CBO Study Said to Put Lower Price Tag on Health Care Reform Plans — With a Caveat

Much has been written in Knowledge at Wharton and elsewhere about extending health care coverage to more Americans. In Washington so far, there has been a lot of discussion surrounding "universal coverage" and the need to lower costs, but there is no wide-ranging health care reform proposal from the Obama administration or Congress. With nothing but vague notions out there, little is known about what the price tag might be.

But in an article titled "Numbers Racket," The New Republic says it has gotten wind of some cost estimates by the Congressional Budget Office (CBO), which is tasked with figuring out the real price of legislation offered by members of the Senate and Congress. Based on "rough proposals that reformers in the Senate submitted for consideration" the CBO came up with a figure of $1 trillion. The magazine says that's "a lot less than many outside experts had predicted." The outside experts' prediction? "A politically daunting $1.5 trillion."

The article suggests this reason for the lower estimate: "Even with a requirement that everybody obtain insurance — a so-called individual mandate — the CBO assumes that between a quarter and a third of the uninsured still wouldn't have coverage." Indeed, one of the intractable barriers to universal health coverage is that some people won't buy health insurance at any price, according to Wharton health care management professor Mark Pauly. In an article about the health care debate during the presidential election last fall, Pauly told Knowledge at Wharton that most of the uninsured in the United States are not sick or poor. "They are just taking a chance," he said. "You can't buy insurance in the ambulance on the way to the hospital and cancel it when you get out. It's worth noting that not everybody who fails to buy insurance is miserable."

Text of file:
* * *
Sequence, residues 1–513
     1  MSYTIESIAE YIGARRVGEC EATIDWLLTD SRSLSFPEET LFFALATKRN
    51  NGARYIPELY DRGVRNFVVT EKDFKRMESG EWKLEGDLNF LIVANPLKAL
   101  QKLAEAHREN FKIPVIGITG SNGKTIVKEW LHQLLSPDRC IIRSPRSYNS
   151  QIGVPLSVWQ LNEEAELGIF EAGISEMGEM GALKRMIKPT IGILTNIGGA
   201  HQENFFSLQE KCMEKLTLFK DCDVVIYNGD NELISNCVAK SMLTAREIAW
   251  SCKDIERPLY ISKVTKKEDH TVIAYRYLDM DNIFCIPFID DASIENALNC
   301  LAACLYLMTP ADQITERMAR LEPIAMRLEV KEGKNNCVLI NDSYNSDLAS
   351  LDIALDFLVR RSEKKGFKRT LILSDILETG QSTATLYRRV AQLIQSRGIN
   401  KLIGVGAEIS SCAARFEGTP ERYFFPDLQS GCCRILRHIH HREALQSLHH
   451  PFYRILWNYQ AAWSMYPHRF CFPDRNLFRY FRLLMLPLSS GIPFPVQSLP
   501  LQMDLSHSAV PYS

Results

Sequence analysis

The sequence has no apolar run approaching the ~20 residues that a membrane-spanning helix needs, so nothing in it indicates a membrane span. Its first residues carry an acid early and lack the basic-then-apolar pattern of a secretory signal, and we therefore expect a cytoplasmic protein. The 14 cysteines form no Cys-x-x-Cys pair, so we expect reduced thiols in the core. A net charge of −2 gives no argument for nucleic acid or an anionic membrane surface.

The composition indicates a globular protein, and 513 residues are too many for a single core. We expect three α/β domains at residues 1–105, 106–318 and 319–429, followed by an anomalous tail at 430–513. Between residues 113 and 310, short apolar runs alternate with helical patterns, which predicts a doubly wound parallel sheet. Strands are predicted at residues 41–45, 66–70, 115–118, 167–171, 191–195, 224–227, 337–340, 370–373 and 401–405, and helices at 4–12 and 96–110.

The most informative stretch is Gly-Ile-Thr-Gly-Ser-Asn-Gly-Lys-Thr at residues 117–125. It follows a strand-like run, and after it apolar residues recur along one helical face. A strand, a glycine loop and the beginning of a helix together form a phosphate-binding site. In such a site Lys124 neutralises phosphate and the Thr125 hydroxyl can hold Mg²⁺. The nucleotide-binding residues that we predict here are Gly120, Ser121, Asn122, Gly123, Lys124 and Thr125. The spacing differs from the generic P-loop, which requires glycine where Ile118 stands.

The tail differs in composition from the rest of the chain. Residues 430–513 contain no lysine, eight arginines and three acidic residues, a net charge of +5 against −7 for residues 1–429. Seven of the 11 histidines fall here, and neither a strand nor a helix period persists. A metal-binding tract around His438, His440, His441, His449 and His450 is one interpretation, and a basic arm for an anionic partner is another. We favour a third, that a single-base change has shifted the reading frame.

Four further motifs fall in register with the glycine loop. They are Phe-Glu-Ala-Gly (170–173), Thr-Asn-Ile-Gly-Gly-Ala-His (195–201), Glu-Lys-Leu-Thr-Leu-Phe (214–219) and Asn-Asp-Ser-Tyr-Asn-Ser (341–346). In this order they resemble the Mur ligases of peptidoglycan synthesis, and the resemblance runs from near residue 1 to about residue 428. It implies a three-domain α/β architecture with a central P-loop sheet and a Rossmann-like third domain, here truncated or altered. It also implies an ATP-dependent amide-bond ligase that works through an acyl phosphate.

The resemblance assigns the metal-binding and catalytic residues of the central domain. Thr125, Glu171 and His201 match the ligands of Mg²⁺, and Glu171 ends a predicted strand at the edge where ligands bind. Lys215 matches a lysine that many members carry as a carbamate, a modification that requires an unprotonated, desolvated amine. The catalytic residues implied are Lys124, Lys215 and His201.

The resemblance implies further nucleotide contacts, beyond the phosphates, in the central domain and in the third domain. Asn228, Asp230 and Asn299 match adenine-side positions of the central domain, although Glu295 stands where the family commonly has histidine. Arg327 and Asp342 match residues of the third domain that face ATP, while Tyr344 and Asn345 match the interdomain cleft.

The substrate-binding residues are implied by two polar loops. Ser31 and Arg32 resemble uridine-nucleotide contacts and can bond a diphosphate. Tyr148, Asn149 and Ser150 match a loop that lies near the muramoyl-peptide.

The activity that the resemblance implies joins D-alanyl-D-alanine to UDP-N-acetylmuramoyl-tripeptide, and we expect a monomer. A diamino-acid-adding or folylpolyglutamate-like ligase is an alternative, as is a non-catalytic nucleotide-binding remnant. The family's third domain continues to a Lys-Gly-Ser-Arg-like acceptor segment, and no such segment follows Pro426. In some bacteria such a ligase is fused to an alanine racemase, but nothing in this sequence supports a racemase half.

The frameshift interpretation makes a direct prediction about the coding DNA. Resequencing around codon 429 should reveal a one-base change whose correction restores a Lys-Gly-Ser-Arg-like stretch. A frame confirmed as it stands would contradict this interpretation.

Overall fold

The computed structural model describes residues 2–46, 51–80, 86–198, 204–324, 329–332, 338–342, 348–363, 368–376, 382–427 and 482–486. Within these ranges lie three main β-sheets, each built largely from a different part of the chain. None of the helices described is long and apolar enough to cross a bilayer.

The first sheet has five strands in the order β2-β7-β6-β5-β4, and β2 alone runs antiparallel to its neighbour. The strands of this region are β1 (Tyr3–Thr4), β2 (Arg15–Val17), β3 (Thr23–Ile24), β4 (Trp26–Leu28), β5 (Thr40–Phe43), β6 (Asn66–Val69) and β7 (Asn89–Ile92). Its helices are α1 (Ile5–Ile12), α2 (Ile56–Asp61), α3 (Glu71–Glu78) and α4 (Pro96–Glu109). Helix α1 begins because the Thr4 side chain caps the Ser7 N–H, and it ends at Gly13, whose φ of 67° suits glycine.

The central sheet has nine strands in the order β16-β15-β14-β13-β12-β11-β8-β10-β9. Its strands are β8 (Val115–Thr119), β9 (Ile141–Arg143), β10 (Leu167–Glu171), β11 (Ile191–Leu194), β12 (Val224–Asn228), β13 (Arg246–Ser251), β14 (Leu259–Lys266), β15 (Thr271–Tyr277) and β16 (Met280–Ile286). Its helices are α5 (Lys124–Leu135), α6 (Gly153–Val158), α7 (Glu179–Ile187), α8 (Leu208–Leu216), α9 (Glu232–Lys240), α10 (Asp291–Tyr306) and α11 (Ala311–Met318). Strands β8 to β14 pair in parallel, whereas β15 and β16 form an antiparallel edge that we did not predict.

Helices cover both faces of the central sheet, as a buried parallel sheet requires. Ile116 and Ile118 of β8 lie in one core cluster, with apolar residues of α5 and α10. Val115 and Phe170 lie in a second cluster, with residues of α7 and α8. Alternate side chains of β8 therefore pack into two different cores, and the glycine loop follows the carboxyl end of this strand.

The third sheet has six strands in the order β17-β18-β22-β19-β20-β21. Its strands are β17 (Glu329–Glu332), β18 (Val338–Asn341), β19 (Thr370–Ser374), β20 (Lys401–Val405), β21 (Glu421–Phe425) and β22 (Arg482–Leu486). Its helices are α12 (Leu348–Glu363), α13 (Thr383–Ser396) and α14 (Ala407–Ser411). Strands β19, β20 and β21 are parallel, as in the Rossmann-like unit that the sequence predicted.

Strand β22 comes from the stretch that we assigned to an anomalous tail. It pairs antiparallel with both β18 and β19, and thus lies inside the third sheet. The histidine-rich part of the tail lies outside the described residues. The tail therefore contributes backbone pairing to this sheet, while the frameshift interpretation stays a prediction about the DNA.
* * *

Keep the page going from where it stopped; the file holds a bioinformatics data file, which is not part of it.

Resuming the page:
The New Republic article says it is not clear what parameters guided the CBO estimates, so it is safe to say they are subject to change. The same can't be said of human nature.

Additional Reading from Knowledge at Wharton:

Social Security and Medicare: Trying to Tackle Two 800-pound Gorillas

Why Consumers — Not Companies — Should Make Health Care Decisions

'Major League, Middle Class Anxiety': Is the U.S. Closer to Universal Health Care?